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Montréal is truly Canada’s city of churches. They are everywhere, and are generally beautiful Gothic style ones. Several have features of Notre Dame in Paris. I spent much time photographing this portion of the trip, much to the exasperation of the other travellers, I’m sure! One I found had cheeky gargoyles. Otherwise, Montréal a bit dirty and I feel like there might be quite an underbelly we haven’t seen. I can’t explain it more than as a feeling.


From Montréal we journeyed to Québec City. We stayed in a very inviting and homely place in Lévis, on the east bank of the St. Lawrence River and a quick ferry ride from the old town. We passed some of the huge icebreakers belonging to the Canadian government, obviously in dock for a few days during the warm springtime.The cobbled streets and lovely old buildings of the Lower Town charmed us, all lovely river views and European-style charm. In the sunshine, it was wonderful. The rain that drizzled on us all of the next day took the edge off our enthusiasm for the town.

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Greg and I wandered the old fortifications or ramparts around the Upper Town. There was a lovely walk up a boardwalk to the top, the Governor’s Walk, with expansive river views and flowers hanging between the railings. Otherwise, the dug-in fortifications of the Upper Town were mildly interesting to walk atop of; a unique barracks set-up punctuated with watch towers. We could have missed the barrack areas, as they were dull, but I found some really innovative graffiti. The Esplanade Gardens had some lovely flowering plants and the Fontaine de Tourny was a lovely diversion from the urban portion of the city.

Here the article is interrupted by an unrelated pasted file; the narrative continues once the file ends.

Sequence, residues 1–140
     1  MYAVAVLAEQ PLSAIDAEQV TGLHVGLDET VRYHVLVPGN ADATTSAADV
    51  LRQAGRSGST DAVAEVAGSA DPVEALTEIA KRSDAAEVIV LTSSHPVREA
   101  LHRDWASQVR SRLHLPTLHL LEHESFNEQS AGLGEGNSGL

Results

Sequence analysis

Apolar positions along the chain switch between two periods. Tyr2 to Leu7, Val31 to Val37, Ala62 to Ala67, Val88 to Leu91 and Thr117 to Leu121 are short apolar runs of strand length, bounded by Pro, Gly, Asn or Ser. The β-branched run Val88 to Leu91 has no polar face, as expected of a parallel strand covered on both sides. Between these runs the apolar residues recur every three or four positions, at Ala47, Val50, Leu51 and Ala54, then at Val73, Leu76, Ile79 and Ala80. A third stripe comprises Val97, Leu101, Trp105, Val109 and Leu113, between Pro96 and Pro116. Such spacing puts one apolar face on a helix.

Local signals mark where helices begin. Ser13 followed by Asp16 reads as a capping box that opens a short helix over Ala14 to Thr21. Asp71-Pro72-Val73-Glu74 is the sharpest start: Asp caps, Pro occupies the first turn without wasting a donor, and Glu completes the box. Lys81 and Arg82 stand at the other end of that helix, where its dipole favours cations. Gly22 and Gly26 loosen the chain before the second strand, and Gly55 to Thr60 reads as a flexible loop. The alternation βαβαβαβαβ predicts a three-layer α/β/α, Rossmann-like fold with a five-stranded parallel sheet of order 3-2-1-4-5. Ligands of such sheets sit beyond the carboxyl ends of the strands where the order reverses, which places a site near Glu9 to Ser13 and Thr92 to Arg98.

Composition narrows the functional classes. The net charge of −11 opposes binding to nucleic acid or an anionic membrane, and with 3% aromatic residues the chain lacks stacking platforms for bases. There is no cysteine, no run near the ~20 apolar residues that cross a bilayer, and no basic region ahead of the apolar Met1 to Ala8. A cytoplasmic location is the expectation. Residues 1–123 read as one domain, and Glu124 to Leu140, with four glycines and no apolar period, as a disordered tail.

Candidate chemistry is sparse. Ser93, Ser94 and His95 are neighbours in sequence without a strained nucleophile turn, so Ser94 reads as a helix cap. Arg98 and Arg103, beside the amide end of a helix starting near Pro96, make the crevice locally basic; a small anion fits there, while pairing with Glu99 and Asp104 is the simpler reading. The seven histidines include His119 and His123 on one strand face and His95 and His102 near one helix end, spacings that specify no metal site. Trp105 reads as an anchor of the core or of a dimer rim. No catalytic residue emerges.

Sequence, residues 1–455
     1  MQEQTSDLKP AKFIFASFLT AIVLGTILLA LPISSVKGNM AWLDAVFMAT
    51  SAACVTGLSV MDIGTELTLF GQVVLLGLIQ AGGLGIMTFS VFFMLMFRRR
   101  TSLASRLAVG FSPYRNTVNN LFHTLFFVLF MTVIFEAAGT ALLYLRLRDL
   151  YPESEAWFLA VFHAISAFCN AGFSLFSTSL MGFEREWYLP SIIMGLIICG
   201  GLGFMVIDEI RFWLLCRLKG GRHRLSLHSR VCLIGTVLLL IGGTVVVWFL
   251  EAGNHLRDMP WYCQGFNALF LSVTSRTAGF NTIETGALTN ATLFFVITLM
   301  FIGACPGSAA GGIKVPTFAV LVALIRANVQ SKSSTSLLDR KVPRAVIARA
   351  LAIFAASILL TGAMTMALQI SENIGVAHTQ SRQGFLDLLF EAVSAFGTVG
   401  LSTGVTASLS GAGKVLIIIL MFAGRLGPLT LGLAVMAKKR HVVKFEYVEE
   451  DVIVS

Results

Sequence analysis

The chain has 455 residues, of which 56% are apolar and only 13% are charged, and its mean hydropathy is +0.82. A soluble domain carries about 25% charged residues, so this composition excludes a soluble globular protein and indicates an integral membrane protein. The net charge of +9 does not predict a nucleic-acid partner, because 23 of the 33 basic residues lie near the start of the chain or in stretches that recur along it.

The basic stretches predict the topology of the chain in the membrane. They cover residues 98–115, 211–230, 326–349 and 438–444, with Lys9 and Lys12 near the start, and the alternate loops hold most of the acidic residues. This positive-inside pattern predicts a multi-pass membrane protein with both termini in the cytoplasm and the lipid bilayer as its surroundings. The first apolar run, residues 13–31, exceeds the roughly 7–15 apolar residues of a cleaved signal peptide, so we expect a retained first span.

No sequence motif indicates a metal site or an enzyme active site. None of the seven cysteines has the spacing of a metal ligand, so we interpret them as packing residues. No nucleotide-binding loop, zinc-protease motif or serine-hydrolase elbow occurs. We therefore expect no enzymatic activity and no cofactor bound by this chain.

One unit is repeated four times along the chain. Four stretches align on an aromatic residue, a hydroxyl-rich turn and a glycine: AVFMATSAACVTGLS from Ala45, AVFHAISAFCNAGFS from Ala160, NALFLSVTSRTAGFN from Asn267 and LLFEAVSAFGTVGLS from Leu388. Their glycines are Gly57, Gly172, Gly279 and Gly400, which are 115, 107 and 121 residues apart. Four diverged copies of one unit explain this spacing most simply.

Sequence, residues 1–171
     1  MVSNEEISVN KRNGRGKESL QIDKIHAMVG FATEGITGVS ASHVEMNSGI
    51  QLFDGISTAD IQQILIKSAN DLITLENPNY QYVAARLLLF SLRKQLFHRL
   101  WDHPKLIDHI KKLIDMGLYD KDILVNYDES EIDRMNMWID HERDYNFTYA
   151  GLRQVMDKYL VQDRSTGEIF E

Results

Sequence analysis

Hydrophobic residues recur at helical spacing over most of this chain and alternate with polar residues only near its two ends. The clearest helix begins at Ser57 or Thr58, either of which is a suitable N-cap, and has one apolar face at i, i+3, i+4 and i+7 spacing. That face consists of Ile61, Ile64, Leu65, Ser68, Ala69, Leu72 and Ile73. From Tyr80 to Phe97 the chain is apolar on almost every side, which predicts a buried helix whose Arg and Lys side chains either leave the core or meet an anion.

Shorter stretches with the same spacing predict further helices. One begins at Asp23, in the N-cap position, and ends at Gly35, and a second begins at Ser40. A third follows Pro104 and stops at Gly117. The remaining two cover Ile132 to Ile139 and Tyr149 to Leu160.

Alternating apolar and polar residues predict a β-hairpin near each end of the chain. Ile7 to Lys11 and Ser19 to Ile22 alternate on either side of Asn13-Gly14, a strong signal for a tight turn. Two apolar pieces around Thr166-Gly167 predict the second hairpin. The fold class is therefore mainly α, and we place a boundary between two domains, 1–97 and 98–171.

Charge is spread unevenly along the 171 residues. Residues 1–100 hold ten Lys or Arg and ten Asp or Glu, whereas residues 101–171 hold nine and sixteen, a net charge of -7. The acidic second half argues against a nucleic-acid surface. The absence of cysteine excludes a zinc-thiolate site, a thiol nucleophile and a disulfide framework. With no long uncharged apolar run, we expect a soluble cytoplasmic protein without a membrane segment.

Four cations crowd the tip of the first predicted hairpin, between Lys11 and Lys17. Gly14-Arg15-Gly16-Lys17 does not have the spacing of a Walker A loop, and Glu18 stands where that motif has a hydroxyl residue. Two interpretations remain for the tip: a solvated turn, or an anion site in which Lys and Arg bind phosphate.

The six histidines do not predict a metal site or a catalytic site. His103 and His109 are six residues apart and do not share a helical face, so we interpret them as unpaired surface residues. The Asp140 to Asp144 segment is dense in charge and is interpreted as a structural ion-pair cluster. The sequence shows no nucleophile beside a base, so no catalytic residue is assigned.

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We left Quebec City and made a brief stop off at the Ile d’Orleon, where we picked up some tasty cider on the recommendation of a Québécois local. The morning sunshine and fresh ciders and jams on the rustic beauty of the island were a balm after the rainy days in Québec City.


This is part of a series, talking about our travels in the beautiful country of Canada. You can find the first instalment here or follow us along the St. Lawrence.

Spring adventures in Canada: Part 1


Vancouver and Ontario

Lionsgate Bridge
My partner and I  stepped off the 16 hour flight from Sydney into Vancouver’s nippy Spring. Typical West Coast weather for the first week: alternating drizzling rain and sunshine. Even though our hotel for the first week was on the party strip (we’re not clubbing enthusiasts…) we really didn’t notice. Granville Street is bustling and a bit dingy during the day (it boasts a host of homeless people in the doorsteps of closed clubs and pubs), but at night it really comes alive. I cannot fault the people in Vancouver though. One day while standing on a corner trying to figure out where the nearest VISA ATM might be, 2 people stopped in the space of 5 minutes to try to help us.
Coal Harbour